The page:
Used Whitewater Boat Condition

I am going to look at a used Diesel 75 this weekend, which is one of the whitewater boats that seems to be a good match with my interests and size (6’0, 205). The current owner has said that the boat is pretty beat up but that it is all cosmetic.

My question, how beat up is too beat up with a whitewater boat? How deep would gouges need to be to really raise a flag? The asking price is 60% off new retail which seems reasonable and is several hundred less than the same boats coming out of rental fleets.

I appreciate your thoughts.

1/16" deep is normal
Expect lots of it.


I took a rolling course in a diesel 75(i’m 6’1 and 180 and it fit me great) and one of the 2 diesels they had a nasty crack around the seat mount bolts. i don’t know if its an oddball or more common flaw but have a close look.

about wear, with any plastic whitewater boat i think you need to take a specially good look how its worn under where the seat is.

What You Don’t Want…

– Last Updated: Mar-07-07 6:04 AM EST –

is to see visible creases/folds in the plastic. Means the boats has been pinned and folded. Scratches are normal (actually great when buying used 'cause it lowers the price). You may also want to bring along a powerful flashlight and shine into the boat while you look at the hull bottom from outside. Any really, really deep gouges or scratches will show up as being much more translucent than the surrounding area.

Plastic boats can take a lot of beatings and keep on floating. If the price is really low, sya $300 and under, without structural problems, it's probably a good deal no matter how scratched, scraped and gouged the outside looks.


The one I got
We picked up a used Dagger Piedra that has scratches everywhere - some on the deeper side - indicating it went down the river without an occupant many, many times while being used as a school boat at the WW place in Ottawa. I’ve had it in a good bit of water since last November, river and pool, and it’s fine.

A couple of weeks ago we decided to find out if planing or displacement hulls slid further when we had to haul the boats out back over snow banks to get to the pool entrance in the back of the place we had sessions. The Piedra veered off towards a stucco wall and the wall has a new bit missing but the boat is fine. One new dent up front, but nothing serious and it still weighs a ton compared to Jim’s Innazone.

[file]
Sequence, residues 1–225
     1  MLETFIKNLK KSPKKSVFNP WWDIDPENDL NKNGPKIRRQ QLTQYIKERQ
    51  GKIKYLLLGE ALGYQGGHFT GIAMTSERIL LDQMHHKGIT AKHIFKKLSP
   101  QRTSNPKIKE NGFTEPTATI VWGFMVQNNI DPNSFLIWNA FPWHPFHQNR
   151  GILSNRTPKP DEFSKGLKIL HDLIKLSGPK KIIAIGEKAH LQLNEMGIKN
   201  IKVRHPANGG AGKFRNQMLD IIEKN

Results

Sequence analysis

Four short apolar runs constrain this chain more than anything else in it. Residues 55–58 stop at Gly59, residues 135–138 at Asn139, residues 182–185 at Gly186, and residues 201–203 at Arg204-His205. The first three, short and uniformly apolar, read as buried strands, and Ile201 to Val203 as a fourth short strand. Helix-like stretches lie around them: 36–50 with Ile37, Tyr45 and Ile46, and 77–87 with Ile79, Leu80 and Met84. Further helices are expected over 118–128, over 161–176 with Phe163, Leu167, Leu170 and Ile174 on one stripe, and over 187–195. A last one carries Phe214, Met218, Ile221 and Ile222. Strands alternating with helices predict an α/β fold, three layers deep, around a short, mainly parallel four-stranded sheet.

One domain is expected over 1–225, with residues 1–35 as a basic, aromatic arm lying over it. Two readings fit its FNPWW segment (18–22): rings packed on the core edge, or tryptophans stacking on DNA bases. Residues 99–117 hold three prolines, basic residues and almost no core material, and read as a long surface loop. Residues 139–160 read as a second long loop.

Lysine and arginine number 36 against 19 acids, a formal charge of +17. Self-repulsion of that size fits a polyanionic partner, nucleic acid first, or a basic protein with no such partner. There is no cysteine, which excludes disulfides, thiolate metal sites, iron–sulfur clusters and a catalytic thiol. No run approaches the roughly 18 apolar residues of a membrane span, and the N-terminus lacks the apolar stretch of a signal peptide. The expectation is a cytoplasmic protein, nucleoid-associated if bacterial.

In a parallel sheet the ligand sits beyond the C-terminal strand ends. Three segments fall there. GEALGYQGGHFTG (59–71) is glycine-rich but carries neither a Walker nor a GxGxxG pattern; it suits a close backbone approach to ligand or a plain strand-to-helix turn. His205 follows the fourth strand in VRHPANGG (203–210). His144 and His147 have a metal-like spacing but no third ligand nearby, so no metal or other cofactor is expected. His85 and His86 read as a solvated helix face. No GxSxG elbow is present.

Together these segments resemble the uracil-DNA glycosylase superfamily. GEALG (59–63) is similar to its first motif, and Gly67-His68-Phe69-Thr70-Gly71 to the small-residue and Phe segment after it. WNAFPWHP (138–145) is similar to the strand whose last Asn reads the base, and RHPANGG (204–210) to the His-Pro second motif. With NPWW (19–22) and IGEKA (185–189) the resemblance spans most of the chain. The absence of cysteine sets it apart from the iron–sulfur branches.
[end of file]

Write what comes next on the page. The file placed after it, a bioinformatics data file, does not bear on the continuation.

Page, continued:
The planing hull did better than the Piedra by the way, but the recently polished and buffed RPM put us both to shame. We think it may have been the unfair 303 advantage.

ditto on seat bolts

– Last Updated: Mar-07-07 10:09 AM EST –

WaveSport seats hang from bolts on the cockpit rim and as a result they sometimes have problems with cracks around the rim near the bolts. It's been more of a problem with the smaller playboats where the boat is being thrown around a lot more and more torque and pressure is being put on the seat. Having said that, I know of a friend's Diesel that developed the cracks, although only after her heavier husband had borrowed her boat for some steep creeking. I have both a 65 and 75 (both bought used) and so far both are fine.

Personally if the boat doesn't have the cracks around the cockpit I wouldn't let that *possible* problem stop me from getting the boat, but then I LOVE the Diesel. I think it's an awesome river runner and great even for mild steep creeking.


Check for Forks
I had used my boat a few times in the surf and had taken rolling lessons in it. After a couple of months I adjusted my seat and the next time I got tumbled in the surf there was an old rusty fork flying around inside the kayak that must have been stuck under the sliding seat.